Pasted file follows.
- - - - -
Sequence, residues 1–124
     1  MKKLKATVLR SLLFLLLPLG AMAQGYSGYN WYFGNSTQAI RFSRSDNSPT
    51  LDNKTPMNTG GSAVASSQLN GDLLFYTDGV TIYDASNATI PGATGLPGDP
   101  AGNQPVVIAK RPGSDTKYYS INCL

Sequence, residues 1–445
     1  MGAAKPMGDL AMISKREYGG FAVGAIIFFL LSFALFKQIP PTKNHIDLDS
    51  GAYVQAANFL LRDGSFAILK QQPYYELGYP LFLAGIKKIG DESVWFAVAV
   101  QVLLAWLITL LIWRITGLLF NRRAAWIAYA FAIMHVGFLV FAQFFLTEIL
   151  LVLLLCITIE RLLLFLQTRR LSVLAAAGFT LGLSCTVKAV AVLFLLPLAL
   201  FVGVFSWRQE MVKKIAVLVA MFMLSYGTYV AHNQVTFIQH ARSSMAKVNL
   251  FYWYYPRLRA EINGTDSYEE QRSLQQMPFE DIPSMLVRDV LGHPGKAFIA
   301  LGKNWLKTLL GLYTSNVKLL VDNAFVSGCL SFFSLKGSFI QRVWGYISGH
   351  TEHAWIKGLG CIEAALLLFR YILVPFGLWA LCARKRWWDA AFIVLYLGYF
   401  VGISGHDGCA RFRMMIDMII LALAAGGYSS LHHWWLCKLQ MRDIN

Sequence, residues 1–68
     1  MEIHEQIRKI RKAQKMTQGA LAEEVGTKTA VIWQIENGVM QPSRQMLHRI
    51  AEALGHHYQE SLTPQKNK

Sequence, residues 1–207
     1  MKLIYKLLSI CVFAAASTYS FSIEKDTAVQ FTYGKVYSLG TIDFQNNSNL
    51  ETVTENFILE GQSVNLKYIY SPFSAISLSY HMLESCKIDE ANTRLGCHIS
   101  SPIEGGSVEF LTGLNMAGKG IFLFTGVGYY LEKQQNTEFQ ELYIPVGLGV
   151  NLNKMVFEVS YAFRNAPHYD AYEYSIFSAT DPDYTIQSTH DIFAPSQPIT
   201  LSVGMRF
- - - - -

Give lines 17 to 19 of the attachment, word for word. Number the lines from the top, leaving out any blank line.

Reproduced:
    51  AEALGHHYQE SLTPQKNK

Sequence, residues 1–207
     1  MKLIYKLLSI CVFAAASTYS FSIEKDTAVQ FTYGKVYSLG TIDFQNNSNL